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Raghunath K. Manvar, a mechanical technician in a Gujarat power station, is organizing a comprehensive approach to occupational health hazards in power plants across India. He is building multiple coalitions among factory workers, health officials, and lawyers to raise awareness of preventive measures and to lobby for reform of worker health and safety laws.

This profile below was prepared when Raghunath Manwar was elected to the Ashoka Fellowship in 1998.


Raghunath K. Manvar, a mechanical technician in a Gujarat power station, is organizing a comprehensive approach to occupational health hazards in power plants across India. He is building multiple coalitions among factory workers, health officials, and lawyers to raise awareness of preventive measures and to lobby for reform of worker health and safety laws.


The blatantly dangerous working conditions that prevail in India's power plants have motivated Ragunath Manvar to organize systematic reforms. He envisions a society where workers are both aware of occupational health risks and able to influence their working conditions, and in which power companies are held strictly responsible for the dangers to which their employees are exposed.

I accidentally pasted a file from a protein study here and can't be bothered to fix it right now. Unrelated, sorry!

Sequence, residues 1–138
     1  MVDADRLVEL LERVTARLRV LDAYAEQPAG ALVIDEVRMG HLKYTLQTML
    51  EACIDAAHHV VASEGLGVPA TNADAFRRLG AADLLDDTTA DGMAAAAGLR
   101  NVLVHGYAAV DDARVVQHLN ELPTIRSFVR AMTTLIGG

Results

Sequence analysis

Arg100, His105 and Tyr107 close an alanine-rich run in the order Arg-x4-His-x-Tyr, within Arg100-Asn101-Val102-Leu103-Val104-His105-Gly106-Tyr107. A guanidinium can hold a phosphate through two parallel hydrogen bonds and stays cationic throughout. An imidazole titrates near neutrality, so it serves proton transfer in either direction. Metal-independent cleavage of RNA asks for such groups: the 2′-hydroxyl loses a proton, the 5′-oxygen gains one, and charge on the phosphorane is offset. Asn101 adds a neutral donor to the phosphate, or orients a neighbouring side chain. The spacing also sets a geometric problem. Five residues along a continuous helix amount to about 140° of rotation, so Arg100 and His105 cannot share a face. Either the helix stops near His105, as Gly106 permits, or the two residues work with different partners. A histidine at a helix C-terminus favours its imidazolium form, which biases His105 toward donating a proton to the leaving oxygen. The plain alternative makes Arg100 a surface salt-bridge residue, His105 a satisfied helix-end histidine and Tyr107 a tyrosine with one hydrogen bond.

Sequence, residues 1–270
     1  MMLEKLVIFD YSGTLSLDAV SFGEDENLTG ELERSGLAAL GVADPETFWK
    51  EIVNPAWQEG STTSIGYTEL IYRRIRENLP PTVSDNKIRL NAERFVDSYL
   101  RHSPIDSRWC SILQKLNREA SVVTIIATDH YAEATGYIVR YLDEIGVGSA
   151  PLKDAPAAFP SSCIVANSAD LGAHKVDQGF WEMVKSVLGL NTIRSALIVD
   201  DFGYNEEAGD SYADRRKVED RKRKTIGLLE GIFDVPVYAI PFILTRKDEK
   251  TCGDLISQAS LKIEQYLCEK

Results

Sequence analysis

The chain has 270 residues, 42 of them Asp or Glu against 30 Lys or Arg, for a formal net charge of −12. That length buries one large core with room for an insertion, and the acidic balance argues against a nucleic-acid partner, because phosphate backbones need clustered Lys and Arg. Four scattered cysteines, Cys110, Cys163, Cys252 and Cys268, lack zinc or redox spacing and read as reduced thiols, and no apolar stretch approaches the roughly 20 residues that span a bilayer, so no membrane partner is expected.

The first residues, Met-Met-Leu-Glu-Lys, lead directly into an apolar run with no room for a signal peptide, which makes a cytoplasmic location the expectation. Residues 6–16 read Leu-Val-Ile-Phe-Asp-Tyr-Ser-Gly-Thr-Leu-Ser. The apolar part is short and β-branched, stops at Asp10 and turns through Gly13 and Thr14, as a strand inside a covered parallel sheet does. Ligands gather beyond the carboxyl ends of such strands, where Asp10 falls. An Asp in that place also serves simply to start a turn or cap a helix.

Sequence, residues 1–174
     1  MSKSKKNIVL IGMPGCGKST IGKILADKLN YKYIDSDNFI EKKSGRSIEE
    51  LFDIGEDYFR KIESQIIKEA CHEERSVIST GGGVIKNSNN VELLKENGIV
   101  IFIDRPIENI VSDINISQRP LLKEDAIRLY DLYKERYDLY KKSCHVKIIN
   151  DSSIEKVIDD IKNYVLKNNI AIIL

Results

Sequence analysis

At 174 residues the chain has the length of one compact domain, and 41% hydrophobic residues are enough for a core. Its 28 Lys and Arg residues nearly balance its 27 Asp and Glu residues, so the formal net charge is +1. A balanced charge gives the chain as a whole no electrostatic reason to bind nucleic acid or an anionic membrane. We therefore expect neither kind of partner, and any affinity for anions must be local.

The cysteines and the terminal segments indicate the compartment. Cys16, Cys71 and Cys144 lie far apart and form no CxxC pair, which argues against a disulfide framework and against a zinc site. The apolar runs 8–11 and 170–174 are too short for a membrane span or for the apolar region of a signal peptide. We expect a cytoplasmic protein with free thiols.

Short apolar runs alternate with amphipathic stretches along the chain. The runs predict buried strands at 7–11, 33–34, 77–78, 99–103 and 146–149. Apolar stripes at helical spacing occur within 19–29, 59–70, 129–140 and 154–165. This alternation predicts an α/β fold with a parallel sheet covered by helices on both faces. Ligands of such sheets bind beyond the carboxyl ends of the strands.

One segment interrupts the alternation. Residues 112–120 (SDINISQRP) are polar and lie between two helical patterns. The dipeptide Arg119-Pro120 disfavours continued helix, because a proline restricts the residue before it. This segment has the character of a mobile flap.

To achieve such ends, Manvar begins with a series of workshops that raise workers's awareness of health and safety standards, and that introduce them to the practice of wearing protective gear. He follows up by creating close connections with several workers's organizations that further strengthen workers's commitments to safety. But such grass-roots organizing is far from enough, as he has come to know through years of experience with the complexity of the problem. He has thus also focused on the medical establishment – on its routine neglect and misdiagnosis of occupational illnesses, its ignorance of workplace politics. In collaboration with the Occupational Health and Safety Organization, he instigates re-training sessions that inform doctors about working conditions. Finally, and most broadly, Manvar is directing a comprehensive effort to reform worker safety laws.

Manvar has enjoyed great local success, and now focuses his energies on his project's expansion to other communities and states throughout India.